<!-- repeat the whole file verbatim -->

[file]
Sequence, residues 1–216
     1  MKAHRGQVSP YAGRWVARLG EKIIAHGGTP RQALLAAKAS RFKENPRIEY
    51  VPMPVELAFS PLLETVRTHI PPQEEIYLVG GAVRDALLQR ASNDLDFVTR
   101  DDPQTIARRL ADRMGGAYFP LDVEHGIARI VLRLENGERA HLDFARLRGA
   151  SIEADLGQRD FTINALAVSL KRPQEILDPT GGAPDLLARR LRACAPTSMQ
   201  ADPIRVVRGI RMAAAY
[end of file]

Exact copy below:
Sequence, residues 1–216
     1  MKAHRGQVSP YAGRWVARLG EKIIAHGGTP RQALLAAKAS RFKENPRIEY
    51  VPMPVELAFS PLLETVRTHI PPQEEIYLVG GAVRDALLQR ASNDLDFVTR
   101  DDPQTIARRL ADRMGGAYFP LDVEHGIARI VLRLENGERA HLDFARLRGA
   151  SIEADLGQRD FTINALAVSL KRPQEILDPT GGAPDLLARR LRACAPTSMQ
   201  ADPIRVVRGI RMAAAY